• For the first time, scientists report a vampire fish attached to the body of an Amazonian thorny catfish. Very unusually, the candirus were attached close to the lateral bone plates, rather than the gills, where they are normally found. Since the hosts were not badly harmed, and the candirus apparently derived no food benefit, scientists believe this association is commensalistic rather than parasitic. The research is published in the open-access journal Acta Ichthyologica et Piscatoria.

    The mini grasshoppers that outlived dinosaurs: the fascinating world of Tetrigidae

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  • September 8, 2021
  • Have you ever seen a one-centimetre-long jumping critter in a leaflitter or close to a pond or a stream and thought that it is some juvenile insect? What you saw was probably an adult pygmy grasshopper, member of the family Tetrigidae. There are more than 2000 described species of those minute jumping insects, and this peculiar family has been around for more than 230 million years, meaninng that pygmies said both ‘hi’ and ‘bye’ to dinosaurs. And yet, we know more about dinosaurs than we do about pygmy grasshoppers.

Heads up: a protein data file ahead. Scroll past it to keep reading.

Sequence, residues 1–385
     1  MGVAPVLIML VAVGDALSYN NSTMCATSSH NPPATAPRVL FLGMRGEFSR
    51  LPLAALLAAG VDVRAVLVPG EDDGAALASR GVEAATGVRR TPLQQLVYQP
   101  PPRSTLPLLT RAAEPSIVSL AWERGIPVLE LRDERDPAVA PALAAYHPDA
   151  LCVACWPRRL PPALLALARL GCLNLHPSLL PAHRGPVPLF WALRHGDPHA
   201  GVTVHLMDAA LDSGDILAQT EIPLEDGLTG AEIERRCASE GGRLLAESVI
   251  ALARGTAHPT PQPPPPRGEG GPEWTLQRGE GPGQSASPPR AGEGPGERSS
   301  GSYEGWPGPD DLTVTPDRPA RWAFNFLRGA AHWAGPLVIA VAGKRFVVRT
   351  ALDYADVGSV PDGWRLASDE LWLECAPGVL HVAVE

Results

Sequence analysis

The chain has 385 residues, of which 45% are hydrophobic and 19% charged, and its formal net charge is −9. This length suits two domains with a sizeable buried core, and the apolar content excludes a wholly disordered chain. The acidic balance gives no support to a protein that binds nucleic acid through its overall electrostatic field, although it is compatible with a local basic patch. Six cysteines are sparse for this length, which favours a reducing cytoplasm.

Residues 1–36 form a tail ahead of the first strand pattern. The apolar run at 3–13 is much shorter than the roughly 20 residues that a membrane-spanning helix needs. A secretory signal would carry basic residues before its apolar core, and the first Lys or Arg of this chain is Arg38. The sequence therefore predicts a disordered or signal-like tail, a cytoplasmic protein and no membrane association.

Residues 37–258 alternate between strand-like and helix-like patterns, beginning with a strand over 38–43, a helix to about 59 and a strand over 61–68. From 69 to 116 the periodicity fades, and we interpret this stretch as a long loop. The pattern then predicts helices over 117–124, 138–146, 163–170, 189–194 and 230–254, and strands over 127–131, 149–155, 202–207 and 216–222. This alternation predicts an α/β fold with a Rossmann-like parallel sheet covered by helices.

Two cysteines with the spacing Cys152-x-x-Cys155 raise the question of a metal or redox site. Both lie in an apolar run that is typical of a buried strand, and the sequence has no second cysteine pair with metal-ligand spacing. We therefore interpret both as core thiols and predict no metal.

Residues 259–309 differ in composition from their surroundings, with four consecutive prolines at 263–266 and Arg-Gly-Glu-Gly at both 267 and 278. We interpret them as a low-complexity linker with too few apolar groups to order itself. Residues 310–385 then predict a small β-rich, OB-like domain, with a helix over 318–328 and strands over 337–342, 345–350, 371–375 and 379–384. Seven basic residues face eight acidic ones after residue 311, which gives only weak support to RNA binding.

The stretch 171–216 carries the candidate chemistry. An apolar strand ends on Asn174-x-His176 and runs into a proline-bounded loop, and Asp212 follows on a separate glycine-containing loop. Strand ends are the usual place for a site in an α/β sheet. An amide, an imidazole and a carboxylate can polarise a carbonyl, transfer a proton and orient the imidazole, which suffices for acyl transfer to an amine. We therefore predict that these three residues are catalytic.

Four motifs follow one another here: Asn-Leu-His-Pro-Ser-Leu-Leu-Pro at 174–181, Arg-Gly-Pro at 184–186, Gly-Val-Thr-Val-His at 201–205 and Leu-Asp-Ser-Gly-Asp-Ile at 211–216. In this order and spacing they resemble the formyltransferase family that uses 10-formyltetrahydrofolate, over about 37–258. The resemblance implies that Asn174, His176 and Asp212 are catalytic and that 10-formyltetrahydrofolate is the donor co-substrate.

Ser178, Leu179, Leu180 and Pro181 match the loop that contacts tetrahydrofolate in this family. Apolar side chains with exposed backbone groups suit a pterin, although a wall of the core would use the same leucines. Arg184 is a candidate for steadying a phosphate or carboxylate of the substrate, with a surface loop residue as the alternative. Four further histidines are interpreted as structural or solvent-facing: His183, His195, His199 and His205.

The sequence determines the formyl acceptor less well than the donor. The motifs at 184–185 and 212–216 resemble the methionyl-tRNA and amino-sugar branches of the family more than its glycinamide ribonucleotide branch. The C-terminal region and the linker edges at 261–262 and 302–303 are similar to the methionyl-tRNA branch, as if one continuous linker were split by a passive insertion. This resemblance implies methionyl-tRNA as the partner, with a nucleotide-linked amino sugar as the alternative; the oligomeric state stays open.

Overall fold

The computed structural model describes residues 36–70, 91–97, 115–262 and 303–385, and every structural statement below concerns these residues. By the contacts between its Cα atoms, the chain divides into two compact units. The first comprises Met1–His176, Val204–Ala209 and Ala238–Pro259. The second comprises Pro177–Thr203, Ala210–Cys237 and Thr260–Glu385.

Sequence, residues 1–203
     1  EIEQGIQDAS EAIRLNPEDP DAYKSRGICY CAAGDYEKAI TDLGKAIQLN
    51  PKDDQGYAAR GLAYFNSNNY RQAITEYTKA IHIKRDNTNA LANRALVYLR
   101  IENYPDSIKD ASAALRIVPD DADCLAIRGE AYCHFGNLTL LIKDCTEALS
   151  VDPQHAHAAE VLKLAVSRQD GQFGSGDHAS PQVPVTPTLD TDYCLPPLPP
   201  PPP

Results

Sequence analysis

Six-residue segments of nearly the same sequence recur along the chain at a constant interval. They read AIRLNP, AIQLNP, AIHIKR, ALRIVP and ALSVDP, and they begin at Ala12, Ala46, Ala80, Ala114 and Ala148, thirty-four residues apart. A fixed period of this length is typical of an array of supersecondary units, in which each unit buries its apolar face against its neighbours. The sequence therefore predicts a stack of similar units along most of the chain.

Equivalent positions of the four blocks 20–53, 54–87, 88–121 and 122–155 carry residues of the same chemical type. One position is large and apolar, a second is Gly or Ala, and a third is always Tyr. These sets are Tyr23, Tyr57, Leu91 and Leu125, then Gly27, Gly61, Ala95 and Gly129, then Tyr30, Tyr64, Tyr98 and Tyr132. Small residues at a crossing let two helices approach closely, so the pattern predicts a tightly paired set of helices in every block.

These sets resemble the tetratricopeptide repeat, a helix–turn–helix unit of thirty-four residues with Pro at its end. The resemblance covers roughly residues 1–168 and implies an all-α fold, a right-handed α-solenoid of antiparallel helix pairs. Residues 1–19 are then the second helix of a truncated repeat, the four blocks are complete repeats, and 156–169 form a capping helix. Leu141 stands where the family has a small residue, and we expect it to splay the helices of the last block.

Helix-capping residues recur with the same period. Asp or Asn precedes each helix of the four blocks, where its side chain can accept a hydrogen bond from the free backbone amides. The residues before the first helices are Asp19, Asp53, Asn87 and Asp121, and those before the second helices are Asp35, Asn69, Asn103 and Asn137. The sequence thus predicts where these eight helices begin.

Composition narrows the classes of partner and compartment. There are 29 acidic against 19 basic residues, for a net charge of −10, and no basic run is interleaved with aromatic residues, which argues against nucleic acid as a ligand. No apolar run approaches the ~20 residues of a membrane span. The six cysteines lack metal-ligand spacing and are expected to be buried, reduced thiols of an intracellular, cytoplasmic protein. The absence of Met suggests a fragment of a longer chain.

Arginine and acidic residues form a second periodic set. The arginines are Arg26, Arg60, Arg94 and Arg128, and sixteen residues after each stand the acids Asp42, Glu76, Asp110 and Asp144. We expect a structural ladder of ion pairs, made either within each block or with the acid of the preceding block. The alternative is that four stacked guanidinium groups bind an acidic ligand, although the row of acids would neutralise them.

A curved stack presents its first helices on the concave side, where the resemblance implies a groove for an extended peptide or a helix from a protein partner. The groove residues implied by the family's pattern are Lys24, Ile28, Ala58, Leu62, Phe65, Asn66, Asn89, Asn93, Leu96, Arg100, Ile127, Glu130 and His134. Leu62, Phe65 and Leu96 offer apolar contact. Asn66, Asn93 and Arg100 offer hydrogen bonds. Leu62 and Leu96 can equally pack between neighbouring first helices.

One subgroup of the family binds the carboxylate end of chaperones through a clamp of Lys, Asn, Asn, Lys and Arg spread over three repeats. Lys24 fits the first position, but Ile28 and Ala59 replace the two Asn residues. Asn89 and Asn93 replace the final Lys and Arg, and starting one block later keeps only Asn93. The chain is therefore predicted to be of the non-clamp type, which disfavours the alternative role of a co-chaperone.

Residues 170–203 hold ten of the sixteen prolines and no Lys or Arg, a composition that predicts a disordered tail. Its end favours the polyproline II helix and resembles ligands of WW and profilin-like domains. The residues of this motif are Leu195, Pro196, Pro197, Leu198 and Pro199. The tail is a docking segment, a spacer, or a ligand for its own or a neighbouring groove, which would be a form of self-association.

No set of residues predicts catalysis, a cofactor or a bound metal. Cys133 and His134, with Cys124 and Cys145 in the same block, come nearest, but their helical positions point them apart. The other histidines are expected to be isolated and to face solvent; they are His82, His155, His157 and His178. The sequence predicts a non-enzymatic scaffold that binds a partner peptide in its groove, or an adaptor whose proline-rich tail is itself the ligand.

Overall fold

Guest blog post: New tardigrade species honours Eurovision Song Contest winner

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  • May 31, 2021
  • Alexander Rybak. Photo by NRK P3 under a CC BY-NC-SA 2.0 license.

    guest blog post by Matteo Vecchi One of the main threats to biodiversity conservation is not recognizing the uniqueness of species – without a formal name, a species cannot be protected properly. Tardigrades – microorganisms also known as water bears or moss piglets – are no exception. When we were faced with two new species, […]

    To combat global change, scientists must prioritize community partnerships

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  • May 20, 2021
  • Guest blog post by Kennedy “Ned” Rubert-Nason, Caitlin Mandeville and Kirsten Schwarz Global change is an immediate, accelerating threat to humanity, and its impacts are perpetuated by human activities. Changes such as climate warming, landscape alteration, pollution, resource extraction and depletion, extreme events, biodiversity loss, and spreading of invasive species including diseases, threaten the natural […]

    Curvature values, a new aspect in the morphology of grapevine seeds

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  • May 12, 2021
  • Guest blog post by Dr Emilio Cervantes Grape seeds have a characteristic oval or pear-like shape. It has been long recognised that this form is variable, and that, in general, wild-type seeds are smaller and more rounded, while the seeds of cultivated varieties tend to be more elongated in one side, or pear-shaped. Recently, seeds […]

    Why we shouldn’t blame women for gender disparity in science: Perspectives of women in zoology

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  • March 25, 2021
  • A Brazilian network of female zoologists aims to oppose gender disparity in science Guest blog post by Veronica Slobodian Scientists are part of a rather sexist society and, therefore, ruled by a rather sexist social conduct. Nevertheless, women scientists attempt to thrive despite all setbacks provided by structural sexism (both explicit and implicit).  Sadly, female […]